Vast fortunes grew out of the party system during the Gilded Age. In New York, party leaders experimented with novel ways to accumulate capital for political competition and personal business. Partisans established banks. They drove a speculative frenzy in finance, real estate, and railroads. And they built empires that stretched from mining to steamboats, and from liquor distilleries to newspapers. Control over political property—party organizations, public charters, taxpayer subsidies, and political offices—served to form governing coalitions, and to mobilize voting blocs.
In Electoral Capitalism, Jeffrey D. Broxmeyer reappraises the controversy over wealth inequality, and why this period was so combustible. As ranks of the dispossessed swelled, an outpouring of claims transformed the old spoils system into relief for the politically connected poor. A vibrant but scorned culture of petty officeholding thus emerged. By the turn of the century, an upsurge of grassroots protest sought to dislodge political bosses from their apex by severing the link between party and capital.
Examining New York, and its outsized role in national affairs, Broxmeyer demonstrates that electoral capitalism was a category of entrepreneurship in which the capture of public office and the accumulation of wealth were mutually reinforcing. The book uncovers hidden economic ties that wove together presidents, senators, and mayors with business allies, spoilsmen, and voters. Today, great political fortunes have dramatically returned. As current public debates invite parallels with the Gilded Age, Broxmeyer offers historical and theoretical tools to make sense of how politics begets wealth.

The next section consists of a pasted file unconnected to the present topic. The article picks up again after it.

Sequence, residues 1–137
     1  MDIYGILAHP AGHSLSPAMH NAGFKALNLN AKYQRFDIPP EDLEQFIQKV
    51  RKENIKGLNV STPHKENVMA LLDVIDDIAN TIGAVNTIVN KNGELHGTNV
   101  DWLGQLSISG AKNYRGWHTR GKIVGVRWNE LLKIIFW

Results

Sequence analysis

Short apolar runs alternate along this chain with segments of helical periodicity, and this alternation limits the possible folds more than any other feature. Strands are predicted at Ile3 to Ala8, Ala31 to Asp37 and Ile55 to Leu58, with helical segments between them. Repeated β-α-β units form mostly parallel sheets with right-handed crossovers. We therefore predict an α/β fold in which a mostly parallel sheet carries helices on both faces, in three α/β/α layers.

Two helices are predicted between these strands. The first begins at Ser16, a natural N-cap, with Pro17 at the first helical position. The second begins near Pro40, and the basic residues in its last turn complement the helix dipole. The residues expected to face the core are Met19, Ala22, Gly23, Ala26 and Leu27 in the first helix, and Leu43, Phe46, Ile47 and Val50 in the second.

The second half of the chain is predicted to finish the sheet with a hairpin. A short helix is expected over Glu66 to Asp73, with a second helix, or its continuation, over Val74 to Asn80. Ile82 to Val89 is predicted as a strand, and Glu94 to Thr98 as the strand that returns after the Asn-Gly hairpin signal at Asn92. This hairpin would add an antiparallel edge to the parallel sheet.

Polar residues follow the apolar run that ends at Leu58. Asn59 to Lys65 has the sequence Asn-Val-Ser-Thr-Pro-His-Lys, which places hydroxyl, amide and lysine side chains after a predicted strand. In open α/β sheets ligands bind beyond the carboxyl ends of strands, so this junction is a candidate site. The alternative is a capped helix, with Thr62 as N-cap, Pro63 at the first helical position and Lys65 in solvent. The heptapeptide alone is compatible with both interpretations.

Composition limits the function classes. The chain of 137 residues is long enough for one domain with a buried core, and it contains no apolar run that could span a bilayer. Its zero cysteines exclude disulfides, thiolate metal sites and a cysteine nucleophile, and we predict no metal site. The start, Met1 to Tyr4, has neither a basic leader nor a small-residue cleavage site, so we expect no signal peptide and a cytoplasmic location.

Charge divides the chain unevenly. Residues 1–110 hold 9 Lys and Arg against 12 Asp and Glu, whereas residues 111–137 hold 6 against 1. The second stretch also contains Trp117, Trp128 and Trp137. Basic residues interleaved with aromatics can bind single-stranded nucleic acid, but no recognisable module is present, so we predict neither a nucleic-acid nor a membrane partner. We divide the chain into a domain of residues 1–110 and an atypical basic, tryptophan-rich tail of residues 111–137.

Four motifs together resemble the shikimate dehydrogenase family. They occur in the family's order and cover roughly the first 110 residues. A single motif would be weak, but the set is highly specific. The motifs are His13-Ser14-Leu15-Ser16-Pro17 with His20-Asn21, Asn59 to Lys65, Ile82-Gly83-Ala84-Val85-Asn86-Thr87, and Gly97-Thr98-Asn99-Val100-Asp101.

The Tammany Bank Run of 1871
Chapter 1. Tammany Hall's Lost Financial Sector
Dawn of the Conkling Machine
Chapter 2. Republican Party Business
Can't You Help Me in Gettin the Vacant Place for Me
Chapter 3. Partisan Poor Relief
The Henry George Boom Fades
Chapter 4. Anti-Monopoly in the Age of Party Consolidation
"Jeffrey D. Broxmeyer has made an important original contribution to our understanding of Gilded Age America… [Electoral Capitalism’s] originality and forceful larger argument—that the history of democracy in America and the history of American capitalism cannot be fully understood without grasping the fusion of both within electoral politics—make it required reading for historians of politics. The Gilded Age will never look quite the same."—Journal of American History
Overall, Electoral Capitalism gives a painstakingly researched view of New York City’s early machine politics."—Perspectives on Politics
That view includes an extensive analysis of the lesser understood Republican organization, its ties to the national-level party system, and how its interaction with Tammany shaped both parties’ strategies and agendas. The book also skillfully sets the stage for a nuanced understanding of the Progressive Era.
"It is heartening to welcome new work that takes Gilded Age American politics seriously. Progressive-Era political scientists and historians wrote the first draft of the history of the period’s politics...Electoral Capitalism will provide historians and political scientists the erudition and inspiration to re-think the re-organization of party politics after the Civil War."—Paula Baker, Journal of Interdisciplinary History
"Broxmeyer’s book provides a useful analytical framework that scholars can apply to interpreting corruption in our own era."—New York History
"Jeffrey D. Broxmeyer makes a timely and important contribution to our understanding of electoral systems. In his bold and illuminating study, he challenges historical and empirical accounts of the electoral system through a meticulously researched analysis of politics in Gilded Age New York."—Jeffrey Selinger, Bowdoin College